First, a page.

geronimo509
December 3, 2008, 11:57 AM
he probably just made a mistake, i would put money on the fact that he doesnt know too much about firearms ( not that i do either) but you get the point. 40 s&w would be a good assumption.

FoMoGo
December 3, 2008, 12:13 PM
I would not feel undergunned with either.
That being said I will choose .45 acp every time.
I have a fondness for large freight train bullets.
You wont stop what you dont hit.
Try a few different pistols, see what feels good and seems to point naturally.
Then shoot the ones you narrow it down to.
Buy the one you shoot best.


Jim

JackOfAllTradesMasterAtNone
December 3, 2008, 12:26 PM
45acp. from a 1911 is my chioce and most often available to me.

But what sits in my wife's nightstand? A .38spl snub revolver.

What is available elsewhere in the house? A .357mag snub revolver.

A .40S&W wouldn't be a bad choice, but I've never liked the round for other reasons. I've never shot one as accurate as a good .45acp/1911.. Not that that is a factor for close quarter/in home defense.

-Steve

BlindJustice
December 3, 2008, 12:52 PM
Here yah go buddy,

Double Tap Ammo offeringss
These are ALL Speer Gold Dot JHP
.45 ACP ----- .40 S&W -- 9MM LUger +P
185 gr 155 gr. 115 gr.
1225 fps 1,275 fps 1,450 fps
616 ft lbs 603 ft. lbs 511 ft lbs
200 gr. 165 gr. 124 gr.
1125 fps 1,200 fps 1,310 fps
562 Ft lbs 528 fl lbs 473 ft lbs
230 gr. 180 gr. 147 gr.
1,010 fps 1,100 fps 1,135 fps
521 ft lbs 484 ft lbs 421 ft lbs


Light to Medium to heavy in each
bullet caliber....

Now find a platform you can hit something
with

I'll go back and read the thread now.

Randall

BlindJustice
December 3, 2008, 01:11 PM
oh my choice(s)

S&W 1911 5" Bbl. .45 ACP
Carry: DT 200 gr. GD JHPs

CZ 75B 9mm Luger
Carry: DT 147 gr. GD JHP

I have yet to fire a handgun in .40 S&W
so until I do I'll reserve comment on that
round but on paper it seems adequate. In the
meantime for .40 bullets I have a Bar Sto in
.400 CorBon for my 1911
155 gr.. Speer Gold Dot @ 1400 FPS

Several people at the range have asked
*** am I shooting for ammo with that barrel
installed in the 1911. I qualified with a 1911
in the USN so it's manual of arms is pretty much
ingrained into the ol'lizard brain for a SHTF moment
However the CZ 75B is a nice platform and it'll
probably be the platform for me if I ever go the
.40 S&W route.

Randall

hankdatank1362
December 3, 2008, 01:24 PM
I don't know what a .40ACP is. It could be THE awesome.

But I carry a .40S&W every day in a P226. Suits my needs just fine.

Walkalong
December 3, 2008, 03:18 PM
.45 over .40, but both are good rounds.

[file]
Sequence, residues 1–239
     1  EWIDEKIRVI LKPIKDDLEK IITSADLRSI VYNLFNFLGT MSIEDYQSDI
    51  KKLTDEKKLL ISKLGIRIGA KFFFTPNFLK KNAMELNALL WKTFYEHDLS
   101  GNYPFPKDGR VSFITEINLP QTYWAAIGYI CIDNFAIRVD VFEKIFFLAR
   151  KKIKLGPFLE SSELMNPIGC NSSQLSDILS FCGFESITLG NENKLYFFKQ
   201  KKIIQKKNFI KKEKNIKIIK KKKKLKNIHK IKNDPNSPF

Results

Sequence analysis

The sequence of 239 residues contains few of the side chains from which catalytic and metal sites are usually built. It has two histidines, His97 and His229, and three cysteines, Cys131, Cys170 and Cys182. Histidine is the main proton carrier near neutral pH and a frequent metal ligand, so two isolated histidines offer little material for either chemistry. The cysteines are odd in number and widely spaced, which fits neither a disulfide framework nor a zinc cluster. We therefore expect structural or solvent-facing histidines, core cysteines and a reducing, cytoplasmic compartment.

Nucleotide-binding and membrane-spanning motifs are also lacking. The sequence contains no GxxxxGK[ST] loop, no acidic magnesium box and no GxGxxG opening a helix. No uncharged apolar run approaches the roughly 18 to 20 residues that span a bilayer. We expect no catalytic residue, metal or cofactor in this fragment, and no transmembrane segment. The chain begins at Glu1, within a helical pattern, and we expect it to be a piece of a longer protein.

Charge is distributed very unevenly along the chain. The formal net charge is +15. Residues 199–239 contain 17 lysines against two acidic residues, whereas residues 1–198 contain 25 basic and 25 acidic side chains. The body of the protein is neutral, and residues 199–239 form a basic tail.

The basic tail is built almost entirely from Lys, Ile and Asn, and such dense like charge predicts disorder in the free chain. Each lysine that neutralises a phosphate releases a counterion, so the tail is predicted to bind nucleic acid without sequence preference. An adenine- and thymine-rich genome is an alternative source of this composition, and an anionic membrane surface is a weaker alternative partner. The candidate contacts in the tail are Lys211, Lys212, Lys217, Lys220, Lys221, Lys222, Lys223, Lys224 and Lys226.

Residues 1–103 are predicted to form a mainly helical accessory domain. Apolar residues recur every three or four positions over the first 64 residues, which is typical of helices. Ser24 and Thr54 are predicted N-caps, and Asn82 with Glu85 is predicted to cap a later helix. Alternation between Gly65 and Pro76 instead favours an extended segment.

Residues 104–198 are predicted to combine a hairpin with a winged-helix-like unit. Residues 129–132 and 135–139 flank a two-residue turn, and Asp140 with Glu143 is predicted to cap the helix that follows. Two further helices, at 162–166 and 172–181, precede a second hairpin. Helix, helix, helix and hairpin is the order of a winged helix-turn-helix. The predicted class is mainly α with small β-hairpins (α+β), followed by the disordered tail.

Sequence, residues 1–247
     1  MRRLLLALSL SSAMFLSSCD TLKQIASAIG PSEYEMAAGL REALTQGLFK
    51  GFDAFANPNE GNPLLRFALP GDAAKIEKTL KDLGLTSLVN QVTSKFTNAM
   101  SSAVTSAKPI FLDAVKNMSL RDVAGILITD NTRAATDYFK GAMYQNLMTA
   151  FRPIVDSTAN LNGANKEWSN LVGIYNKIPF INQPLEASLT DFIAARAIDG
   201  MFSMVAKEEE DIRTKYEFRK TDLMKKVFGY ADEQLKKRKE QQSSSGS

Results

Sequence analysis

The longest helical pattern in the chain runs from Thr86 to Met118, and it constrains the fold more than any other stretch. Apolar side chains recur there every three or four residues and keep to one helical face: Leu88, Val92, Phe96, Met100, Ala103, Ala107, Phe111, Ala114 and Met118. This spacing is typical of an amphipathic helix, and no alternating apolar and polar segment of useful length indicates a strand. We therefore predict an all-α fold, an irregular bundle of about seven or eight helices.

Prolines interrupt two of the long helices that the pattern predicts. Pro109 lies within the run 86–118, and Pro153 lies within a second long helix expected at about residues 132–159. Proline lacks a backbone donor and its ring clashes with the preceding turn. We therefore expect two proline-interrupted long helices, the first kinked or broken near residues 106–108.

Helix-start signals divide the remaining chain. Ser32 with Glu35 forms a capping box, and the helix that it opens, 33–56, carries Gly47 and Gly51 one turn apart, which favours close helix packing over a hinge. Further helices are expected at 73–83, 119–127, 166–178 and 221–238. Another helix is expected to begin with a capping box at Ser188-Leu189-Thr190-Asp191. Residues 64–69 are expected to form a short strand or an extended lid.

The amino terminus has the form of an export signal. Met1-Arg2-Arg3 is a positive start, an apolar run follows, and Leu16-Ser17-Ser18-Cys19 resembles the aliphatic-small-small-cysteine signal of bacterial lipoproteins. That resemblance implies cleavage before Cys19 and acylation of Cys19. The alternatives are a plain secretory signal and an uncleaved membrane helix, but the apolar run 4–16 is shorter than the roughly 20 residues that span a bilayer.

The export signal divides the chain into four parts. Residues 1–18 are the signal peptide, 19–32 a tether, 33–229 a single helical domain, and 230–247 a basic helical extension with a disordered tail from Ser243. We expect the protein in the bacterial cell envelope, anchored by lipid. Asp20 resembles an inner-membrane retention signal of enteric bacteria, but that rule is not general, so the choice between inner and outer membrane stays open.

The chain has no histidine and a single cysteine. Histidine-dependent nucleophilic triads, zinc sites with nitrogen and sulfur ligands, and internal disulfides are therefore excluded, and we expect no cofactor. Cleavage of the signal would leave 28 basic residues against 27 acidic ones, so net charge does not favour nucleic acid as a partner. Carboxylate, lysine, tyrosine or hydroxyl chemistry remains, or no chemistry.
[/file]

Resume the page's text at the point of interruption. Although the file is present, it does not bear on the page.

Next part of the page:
trekgod3
December 3, 2008, 06:00 PM
How do you make a post as a "guest"? I've never noticed that option.

putteral
December 3, 2008, 06:07 PM
The bigger the hole the better for me.
Never heard of a guest!

janobles14
December 3, 2008, 06:15 PM
i used to HATE the .40s&w and swore only by the .45. that was until i ran up on a ruger p94 for a song and decided to try out the caliber. it didnt take long for me to switch to 165 gr. gold dots in .40 s&w for daily carry.

spiroxlii
December 3, 2008, 06:40 PM
Ok... within 24 hours, a thousand people will post here to say I'm wrong, but here's my $0.02 on the matter.

.40S&W and .45ACP are both effective defensive rounds. I would feel comfortable carrying either one in a handgun that I was familiar and proficient with. The key to becoming familiar and proficient with your defensive handgun is to practice with it often. Practicing often in .40S&W and .45ACP can be very very expensive. If you can afford it, then by all means DO IT!

If you, however, are on a budget (as many of us are in these difficult times), then you should consider a 9mm pistol. The caliber snobs will surely cry out that 9mm is weak and puny and ineffective. They will copy and paste numbers and statistics. They will call me foolish for regularly trusting my 9mm, .380ACP, and .38spl handguns with my safety. They will shoot down my argument about ammo costs by saying that "you can't put a price on your life."

All the good pistol manufacturers make something in 9mm. Whatever you want (steel frame, polymer frame, DA/SA, DAO, SA, striker-fired, etc) can be had in 9mm. You can even get a 1911 in 9mm. With the wide variety of different bullets and loads available in 9mm cartridges now, you can surely find something to fit your needs, whether your personal philosophy favors "light and fast" bullets or "heavy and slow" bullets.